Part of it was that Hollywood never took comic book heroes seriously and it showed in the writing and directing. The actors did their best, but you can only work with the script in hand and those scripts made superheroes seem like...well, comic book characters. If you actually read a comic book from 1978 or before, they really did sound campy and sappy. The dialog could be terrible if said outloud in real life. Comic books don't translate into reality without a lot of massage work. Christopher Nolan was willing to take a completely different approach with his Batman films and it paid off magnificently. Let's hope Zack Snyder can pull it off with the next big screen incarnation of the last son of Krypton.

There's another problem, though.

Both Superman and Batman were originally created in the context of the 1930s. They both represent two sides of the same Depression-era coin. Batman represents the pulp fiction heroes popular during that time period and the darkness and dispair experienced by victims of street and corporate crime. The original Dark Knight had an almost "it takes a thief" approach to crime fighting, by becoming as menacing and as fear-provoking as the people he battled.

Superman was almost as "dark" in a sense. I once had the opportunity to read the first appearence of Superman in Action Comics #1 (June 1938) online (this was years ago and I'm sure it's been taken off the web by now). Superman was pretty heavy handed back then, extorting confessions out of crooked politicians by hanging them off the rooftops of tall buildings, threatening to drop them to the ground (sounds more like Batman). I understand that young, 21st century comic book Superman is doing similar things in the 2011 version of Action Comics 1. The original Superman fought rampant political corruption and criminal gangs by overwhelming them with his power. He was like everyone's big brother and protector. If a helpless person was victimized by a big, tough "bully", Superman was bigger and tougher than the "bully" and he'd beat the snot out of him. The victims were saved and they had someone who would always look out for them.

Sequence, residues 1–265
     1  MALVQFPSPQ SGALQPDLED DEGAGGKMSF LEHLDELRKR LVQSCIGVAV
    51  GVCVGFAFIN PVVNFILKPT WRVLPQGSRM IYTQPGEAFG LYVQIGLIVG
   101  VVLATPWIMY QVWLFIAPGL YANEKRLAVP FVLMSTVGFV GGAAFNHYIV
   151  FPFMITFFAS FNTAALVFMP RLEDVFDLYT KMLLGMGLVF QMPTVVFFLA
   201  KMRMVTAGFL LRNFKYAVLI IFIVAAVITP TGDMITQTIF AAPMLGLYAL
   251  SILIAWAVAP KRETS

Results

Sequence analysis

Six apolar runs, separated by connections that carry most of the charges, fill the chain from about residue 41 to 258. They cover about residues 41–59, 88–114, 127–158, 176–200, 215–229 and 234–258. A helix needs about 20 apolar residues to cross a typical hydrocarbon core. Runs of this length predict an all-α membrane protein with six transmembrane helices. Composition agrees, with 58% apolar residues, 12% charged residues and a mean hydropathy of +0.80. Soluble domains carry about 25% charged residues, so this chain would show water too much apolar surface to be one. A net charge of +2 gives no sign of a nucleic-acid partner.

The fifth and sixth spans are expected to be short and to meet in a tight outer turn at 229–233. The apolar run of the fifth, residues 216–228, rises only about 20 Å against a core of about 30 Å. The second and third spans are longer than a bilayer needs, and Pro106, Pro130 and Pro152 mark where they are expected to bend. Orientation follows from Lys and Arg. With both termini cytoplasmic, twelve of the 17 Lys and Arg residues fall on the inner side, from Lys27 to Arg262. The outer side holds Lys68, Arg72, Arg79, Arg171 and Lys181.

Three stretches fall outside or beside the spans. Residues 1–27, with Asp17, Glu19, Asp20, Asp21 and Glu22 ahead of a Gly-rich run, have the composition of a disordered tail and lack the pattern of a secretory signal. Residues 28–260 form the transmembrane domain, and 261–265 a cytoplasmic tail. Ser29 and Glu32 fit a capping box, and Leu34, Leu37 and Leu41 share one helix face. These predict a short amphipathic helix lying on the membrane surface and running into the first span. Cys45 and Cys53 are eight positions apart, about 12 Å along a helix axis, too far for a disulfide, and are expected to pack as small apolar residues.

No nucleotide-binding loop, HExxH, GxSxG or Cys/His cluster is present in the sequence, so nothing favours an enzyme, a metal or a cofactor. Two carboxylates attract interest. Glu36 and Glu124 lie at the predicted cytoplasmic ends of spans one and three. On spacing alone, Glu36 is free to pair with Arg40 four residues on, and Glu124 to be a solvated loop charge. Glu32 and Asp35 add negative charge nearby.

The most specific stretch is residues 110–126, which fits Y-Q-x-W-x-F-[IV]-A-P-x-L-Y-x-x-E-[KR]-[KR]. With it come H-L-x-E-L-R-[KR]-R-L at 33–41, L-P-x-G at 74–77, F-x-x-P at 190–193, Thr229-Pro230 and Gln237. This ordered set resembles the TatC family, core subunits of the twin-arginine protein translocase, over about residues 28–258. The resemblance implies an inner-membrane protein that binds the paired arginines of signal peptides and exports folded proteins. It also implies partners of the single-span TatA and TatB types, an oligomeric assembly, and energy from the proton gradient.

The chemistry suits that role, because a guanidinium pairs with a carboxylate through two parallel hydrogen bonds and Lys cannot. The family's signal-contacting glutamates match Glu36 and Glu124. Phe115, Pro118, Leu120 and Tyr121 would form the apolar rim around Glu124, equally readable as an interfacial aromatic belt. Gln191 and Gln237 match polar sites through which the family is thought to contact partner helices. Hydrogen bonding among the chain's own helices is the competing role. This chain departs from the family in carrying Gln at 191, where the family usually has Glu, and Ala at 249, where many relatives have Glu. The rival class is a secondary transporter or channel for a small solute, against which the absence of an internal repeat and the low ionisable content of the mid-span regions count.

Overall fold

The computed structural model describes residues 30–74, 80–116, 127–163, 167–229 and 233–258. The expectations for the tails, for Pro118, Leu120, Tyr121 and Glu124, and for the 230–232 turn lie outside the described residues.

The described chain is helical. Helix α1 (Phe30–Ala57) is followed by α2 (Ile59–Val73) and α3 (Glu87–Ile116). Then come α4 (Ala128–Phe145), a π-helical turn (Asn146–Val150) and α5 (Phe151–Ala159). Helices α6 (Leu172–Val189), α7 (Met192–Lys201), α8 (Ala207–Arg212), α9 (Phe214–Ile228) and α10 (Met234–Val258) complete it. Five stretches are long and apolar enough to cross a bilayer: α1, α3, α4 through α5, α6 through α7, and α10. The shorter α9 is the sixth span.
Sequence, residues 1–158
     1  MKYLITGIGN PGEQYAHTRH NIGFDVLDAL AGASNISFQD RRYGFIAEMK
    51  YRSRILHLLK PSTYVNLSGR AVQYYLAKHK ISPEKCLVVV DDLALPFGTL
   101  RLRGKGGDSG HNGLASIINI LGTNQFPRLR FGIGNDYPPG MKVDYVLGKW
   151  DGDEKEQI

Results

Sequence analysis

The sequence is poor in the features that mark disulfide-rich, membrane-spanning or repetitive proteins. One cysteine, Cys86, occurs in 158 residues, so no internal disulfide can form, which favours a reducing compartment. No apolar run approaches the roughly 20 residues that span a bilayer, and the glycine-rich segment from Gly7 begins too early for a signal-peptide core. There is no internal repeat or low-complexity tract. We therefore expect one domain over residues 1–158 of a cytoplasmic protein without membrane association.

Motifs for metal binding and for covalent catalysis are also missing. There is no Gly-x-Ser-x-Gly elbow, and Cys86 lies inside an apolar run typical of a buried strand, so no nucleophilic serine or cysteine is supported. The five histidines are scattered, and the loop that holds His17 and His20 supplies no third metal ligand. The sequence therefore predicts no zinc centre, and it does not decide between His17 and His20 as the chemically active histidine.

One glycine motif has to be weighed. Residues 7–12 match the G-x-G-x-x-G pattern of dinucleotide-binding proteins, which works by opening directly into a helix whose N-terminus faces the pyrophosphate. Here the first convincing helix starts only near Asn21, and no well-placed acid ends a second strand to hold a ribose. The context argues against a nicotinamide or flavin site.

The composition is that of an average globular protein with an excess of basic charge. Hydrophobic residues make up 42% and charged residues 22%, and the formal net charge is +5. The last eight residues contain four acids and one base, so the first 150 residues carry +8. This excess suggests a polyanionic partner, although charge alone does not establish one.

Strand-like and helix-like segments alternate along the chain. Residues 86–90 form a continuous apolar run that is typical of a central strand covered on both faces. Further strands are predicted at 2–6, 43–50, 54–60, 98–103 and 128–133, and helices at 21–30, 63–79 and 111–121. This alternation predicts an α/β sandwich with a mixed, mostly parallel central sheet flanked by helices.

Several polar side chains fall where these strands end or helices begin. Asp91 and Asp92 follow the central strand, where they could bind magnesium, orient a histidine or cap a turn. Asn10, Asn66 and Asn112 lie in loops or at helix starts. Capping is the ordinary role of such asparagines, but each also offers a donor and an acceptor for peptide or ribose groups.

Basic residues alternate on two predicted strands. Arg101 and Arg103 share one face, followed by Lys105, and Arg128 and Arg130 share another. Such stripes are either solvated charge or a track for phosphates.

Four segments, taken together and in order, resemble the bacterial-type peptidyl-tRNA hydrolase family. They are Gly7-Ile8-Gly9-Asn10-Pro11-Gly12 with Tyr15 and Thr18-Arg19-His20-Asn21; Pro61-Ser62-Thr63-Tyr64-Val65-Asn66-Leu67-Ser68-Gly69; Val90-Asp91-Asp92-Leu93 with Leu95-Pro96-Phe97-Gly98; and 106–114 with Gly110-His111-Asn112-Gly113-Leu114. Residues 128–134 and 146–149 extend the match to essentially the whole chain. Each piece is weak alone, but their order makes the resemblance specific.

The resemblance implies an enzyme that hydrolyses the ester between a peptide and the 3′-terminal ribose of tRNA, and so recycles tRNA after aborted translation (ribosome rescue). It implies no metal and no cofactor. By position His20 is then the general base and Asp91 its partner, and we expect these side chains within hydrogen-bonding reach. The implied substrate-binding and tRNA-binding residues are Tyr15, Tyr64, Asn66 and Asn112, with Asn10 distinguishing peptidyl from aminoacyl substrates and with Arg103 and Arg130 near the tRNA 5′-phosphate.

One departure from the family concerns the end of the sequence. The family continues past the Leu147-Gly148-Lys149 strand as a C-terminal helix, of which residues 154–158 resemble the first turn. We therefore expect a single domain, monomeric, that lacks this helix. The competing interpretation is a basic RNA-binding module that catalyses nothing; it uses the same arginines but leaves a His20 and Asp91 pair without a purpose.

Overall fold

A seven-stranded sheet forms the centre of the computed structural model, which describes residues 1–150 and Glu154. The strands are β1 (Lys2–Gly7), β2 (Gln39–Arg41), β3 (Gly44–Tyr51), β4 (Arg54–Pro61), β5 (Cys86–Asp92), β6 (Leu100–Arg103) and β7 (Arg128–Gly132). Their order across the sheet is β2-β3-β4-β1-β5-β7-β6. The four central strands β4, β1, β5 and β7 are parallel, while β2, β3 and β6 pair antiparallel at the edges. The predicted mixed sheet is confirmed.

Times changed.

If you look at the development of Superman and Batman across the 1940s through the 1970s for example, you'll see their very natures and characters changed dramatically. Batman and Robin really were as corny as their 1960s TV show counterparts (it really wasn't Adam West's and Burt Ward's fault after all). The tough, action oriented, no-nonsense heroes of the 1930s became the clowns in capes of the 1950s and 60s. No wonder the movie Superman of 1978 acted the way he did. "Darkness" in comic books didn't return until the 1980s and 90s and certainly by the 2000s, it was time to try and take them back to their roots.